This is a full -dressed Ford 351 Cleveland V-8 with dual Edelbrock 500-cfm carbs and a Crane cam.
Customs in general are notorious for looking good on the outside, but don’t worry about what is underneath, or “all show and no go!” Not the case here with Doug’s old coupe. It has a Ford 351 Cleveland V-8 machined by Wayne Harry of Vancouver and screwed together by Harry and Doug. As you can see, Doug is a hands-on kind of guy, going to the best in the field when needed, and doing all he can himself. They installed a Crane cam and roller rockers and added a 2x4 Edelbrock manifold with matching Edelbrock 500-cfm Performer carburetors, and finished it off with vintage Edelbrock valve covers. To keep the carbs from getting choked up, they then added Stellings dual custom-made air cleaners, and to exit the exhaust, in-house stainless headers and pipes with glasspacks. Putting this to the road is a Ford AOD transmission juiced up by Performance Transmission in Vancouver, Washington, with a modified Lokar shifter and in-house chrome-plated driveshaft. Additionally, the chassis rides on EVOD 16x6 wheels that were one-offs designed by Doug, and are wrapped in 205/75/16 Diamond Back tires.
As for the inside the dashboard is truly a work to behold. Made from the original ‘40 Ford and ‘40 and ‘41 Lincoln dashes, the combination of the different elements of the two cars made a balanced, well thought out fascia that is a thing of beauty. The gauges and clock were then restored and updated by Classic Instruments, and look like Edsel Ford put them there himself. Putting the juice to the engine, lights, gauges, and a Pioneer stereo were mastered by hot rodder and builder Bob Belozer of Oregon City, Oregon. Bob is also known for his attention to detail, and used this expertise to help with the final fit and all the little rubs that come up when finishing any car build. Building a custom car like this one is rather like a major manufacturer coming up with a running driving prototype. This stuff was not made to work in harmony, so we have to massage it a bit so it will all get along.
Who would have thought that...
Who would have thought that ‘54 Plymouth taillights would look righteous on a ‘40 Ford? Add the modified ‘47 Pontiac bumper and the smoothed trunklid and you have pure custom. Looking at the ‘40s backside shows how well thought out the final design is. It has the feel of a coach-built car that sets it apart from the “Madding Crowd.”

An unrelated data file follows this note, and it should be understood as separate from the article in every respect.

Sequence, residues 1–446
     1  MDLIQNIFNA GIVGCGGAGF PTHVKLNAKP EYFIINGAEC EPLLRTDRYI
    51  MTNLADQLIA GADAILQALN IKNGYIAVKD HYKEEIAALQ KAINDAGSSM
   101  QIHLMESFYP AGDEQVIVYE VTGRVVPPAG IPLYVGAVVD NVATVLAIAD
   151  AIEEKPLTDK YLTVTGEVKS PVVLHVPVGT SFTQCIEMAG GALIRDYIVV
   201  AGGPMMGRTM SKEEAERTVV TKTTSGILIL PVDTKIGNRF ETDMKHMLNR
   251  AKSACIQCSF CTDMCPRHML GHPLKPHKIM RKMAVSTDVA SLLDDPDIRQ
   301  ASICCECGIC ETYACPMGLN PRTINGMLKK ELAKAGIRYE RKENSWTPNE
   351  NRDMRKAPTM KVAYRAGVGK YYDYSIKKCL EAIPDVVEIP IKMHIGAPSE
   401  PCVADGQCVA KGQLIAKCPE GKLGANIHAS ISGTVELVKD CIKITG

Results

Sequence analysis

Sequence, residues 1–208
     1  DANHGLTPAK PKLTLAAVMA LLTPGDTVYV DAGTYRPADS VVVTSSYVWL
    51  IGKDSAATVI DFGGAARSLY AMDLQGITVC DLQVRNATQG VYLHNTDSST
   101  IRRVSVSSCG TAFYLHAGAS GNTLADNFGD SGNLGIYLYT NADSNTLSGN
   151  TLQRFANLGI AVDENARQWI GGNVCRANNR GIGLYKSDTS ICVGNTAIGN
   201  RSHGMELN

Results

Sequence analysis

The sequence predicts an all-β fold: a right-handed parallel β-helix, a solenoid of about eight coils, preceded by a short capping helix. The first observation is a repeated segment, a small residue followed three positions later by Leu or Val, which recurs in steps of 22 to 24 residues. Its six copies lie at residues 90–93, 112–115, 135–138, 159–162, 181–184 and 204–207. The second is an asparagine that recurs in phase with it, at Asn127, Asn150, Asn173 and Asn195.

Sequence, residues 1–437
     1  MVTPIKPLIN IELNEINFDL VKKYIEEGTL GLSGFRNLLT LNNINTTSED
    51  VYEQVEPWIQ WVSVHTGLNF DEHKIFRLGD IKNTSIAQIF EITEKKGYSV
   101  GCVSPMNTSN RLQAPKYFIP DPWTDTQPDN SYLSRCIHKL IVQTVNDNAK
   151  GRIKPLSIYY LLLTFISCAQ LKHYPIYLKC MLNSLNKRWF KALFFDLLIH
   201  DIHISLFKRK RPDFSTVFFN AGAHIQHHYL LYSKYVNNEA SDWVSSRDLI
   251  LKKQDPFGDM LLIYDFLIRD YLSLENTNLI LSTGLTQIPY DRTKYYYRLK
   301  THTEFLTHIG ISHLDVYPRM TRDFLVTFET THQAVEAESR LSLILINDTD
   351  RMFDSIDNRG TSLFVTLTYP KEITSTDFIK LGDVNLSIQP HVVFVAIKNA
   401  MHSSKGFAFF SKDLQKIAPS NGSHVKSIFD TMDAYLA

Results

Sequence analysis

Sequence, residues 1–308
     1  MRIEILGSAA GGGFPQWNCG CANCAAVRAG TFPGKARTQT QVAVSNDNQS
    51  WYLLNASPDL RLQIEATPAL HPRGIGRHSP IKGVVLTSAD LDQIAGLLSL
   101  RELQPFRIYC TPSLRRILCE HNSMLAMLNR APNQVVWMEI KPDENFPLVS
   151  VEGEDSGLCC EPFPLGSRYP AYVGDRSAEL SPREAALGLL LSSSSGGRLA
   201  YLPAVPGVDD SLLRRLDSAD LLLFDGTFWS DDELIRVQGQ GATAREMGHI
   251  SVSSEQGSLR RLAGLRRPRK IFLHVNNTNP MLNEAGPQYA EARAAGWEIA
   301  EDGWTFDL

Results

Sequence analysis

The upholstery is often left to the last without a lot of pre-preparation. Not the case here. But then, with a build like this, what did you expect? Mickey McVay from Reno, Nevada, made his first trip to Oregon nearly a year before the scheduled time for completion of the car. He stayed right in Donn Lowe’s shop, and spent several weeks making all the necessary pieces needed to support the upholstery. In the meantime, Lowe and Johnson scratch-built the seat for driver comfort and quality of trimming. This way, when the car was painted and nearly finished, he had laid the groundwork for the final fit of the complete interior. Dave Baham of Vancouver, Washington, massaged the body, and painted it with a custom Glasurit mix of Bronz Maroon, which really made the final look jump right out at you. Now it was time again for Mickey to head back up to Oregon with his sewing equipment. Like a year earlier, he stayed in the shop to stitch and install the complete interior. Artistry comes in many forms. And a great stitcher is one who pays attention to many small details, so that when he is done, everything fits perfectly.
Then as it happens so many times, it was a thrash to make the Grand National Roadster Show in Pomona, California. Two thousand and eleven happened to highlight customs at the show. Doug, his wife Diane, and a slew of friends were in the right place for a new custom to appear.
Among a room full of trophies the car garnered at numerous shows were The World’s Most Beautiful Custom in Pomona, and Custom D’Elegance at the Sacramento Autorama. Five years and several wheelbarrows full of the green stuff were well worth it when Doug’s design became reality and was sitting on the floor at the GNRS.